On rituals

There is a particular pleasure to rituals, whether inherited, or made up. Such is – for me – the January 1 action movie that I watch with Philip on DVD, as we finish a slow day, started late, purging the excesses of New Year’s Eve. This year, it was Ant-man.

To talk of celebrating a ritual, the Chinese say ‘过节’. The character 过 refers to the physical act of crossing a river or a road,  but is also used as a grammatical particle to mark a form of the past tense, equivalent to the English past perfect – I have been, I have gone.节 refers both to a festival, and a joint. Celebrating festivals is therefore represented as crossing an articulation in the skeleton of time, and transforming a past period into an experience. Rituals accompany this transformation.

2015 has become our past. By celebrating New Year, and accomplishing the rituals that accompany the celebration, we make it history, converting the loose threads of remembered moments, images and sounds into patterns of meaning and causality. We cross the border, and move onto the next segment of our articulated lives, 2016, January, the new cycle.

And so the wheel turns, rituals marking each of its spoke: Australia Day, Easter, Bastille Day, August 15, Halloween, Christmas – celebrations we share – and our own personal ones: birthdays, anniversaries. Cyclically repeating, every year.

In Australia, as in France, it is common to make resolutions with each new start of the cycle – committing to doing one thing at least differently. Not so that our lives will spin into a different groove; but so that our spiral may go both higher,  and deeper.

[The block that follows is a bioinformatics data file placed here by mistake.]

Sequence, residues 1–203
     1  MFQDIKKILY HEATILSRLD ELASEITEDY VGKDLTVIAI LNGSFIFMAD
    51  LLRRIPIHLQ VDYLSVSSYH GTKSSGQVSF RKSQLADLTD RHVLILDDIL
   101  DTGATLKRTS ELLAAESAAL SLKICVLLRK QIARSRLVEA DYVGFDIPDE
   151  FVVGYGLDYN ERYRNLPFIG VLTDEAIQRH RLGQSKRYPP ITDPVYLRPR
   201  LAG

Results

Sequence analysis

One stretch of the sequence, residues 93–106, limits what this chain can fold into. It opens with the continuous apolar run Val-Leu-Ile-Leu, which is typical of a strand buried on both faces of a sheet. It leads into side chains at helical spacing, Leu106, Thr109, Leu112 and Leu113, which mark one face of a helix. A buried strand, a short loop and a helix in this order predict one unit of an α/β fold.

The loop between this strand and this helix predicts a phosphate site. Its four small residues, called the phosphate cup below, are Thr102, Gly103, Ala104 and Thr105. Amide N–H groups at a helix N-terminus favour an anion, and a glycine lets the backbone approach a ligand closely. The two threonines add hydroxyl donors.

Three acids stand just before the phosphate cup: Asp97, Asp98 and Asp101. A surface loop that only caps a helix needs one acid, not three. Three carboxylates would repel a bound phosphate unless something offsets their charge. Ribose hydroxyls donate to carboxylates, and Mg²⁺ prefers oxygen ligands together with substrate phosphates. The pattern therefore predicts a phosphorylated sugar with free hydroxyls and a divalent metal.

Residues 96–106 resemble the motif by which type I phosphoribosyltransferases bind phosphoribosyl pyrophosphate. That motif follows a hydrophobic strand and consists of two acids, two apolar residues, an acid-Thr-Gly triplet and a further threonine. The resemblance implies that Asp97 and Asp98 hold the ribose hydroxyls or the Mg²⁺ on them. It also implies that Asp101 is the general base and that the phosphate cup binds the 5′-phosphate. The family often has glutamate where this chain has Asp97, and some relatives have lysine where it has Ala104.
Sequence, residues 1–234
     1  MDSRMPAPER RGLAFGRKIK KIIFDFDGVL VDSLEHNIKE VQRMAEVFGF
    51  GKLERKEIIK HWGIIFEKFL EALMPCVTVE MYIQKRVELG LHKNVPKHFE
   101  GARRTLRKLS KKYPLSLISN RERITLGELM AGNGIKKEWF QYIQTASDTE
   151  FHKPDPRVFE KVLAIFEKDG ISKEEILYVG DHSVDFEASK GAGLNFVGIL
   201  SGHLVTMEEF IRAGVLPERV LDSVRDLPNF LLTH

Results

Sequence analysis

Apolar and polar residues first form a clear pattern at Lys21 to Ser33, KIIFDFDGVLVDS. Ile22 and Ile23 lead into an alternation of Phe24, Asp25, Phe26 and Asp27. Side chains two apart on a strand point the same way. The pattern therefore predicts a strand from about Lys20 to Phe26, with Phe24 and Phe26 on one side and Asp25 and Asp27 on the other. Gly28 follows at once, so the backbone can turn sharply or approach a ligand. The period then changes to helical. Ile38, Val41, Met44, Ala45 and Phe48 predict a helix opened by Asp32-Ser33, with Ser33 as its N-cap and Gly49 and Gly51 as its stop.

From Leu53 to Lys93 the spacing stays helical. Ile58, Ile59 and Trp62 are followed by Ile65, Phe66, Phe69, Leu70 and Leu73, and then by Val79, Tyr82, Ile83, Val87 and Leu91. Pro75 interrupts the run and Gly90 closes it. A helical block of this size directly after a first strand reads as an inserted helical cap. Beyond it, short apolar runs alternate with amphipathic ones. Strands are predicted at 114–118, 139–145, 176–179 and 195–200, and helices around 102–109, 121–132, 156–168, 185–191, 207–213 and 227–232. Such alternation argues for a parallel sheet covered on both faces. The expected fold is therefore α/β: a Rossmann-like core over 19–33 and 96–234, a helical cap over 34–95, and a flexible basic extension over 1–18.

That’s fine

We all have our linguistic pet hates. I have written before about my thoughts on ‘busy‘ people. Now I’d like to share my feelings about  ‘that’s fine’.

When you tell somebody that, no, you won’t do some extra favour they asked for, and they reply ‘that’s fine’, as if you were somehow holding on for their permission before exercising your freedom to refuse.

When somebody asks to meet you at the last minute, you say you’ve got other plans already, and they reply ‘that’s fine’, as if you somehow owed it to them to be constantly available, but they granted you permission for this one time to honour previous arrangements.

When you’ve been struggling with a piece of work or an assignment, as other responsibilities have come piling up, you tell your colleague or boss that you might need to reconsider scope or deadlines because you can’t really see yourself finishing the task to the level expected within the delays expected, and offer a clear, workable alternative that will not compromise the whole edifice – and they reply ‘that’s fine’, with no further word of support or encouragement – superbly granting you their blessing for that solution you found.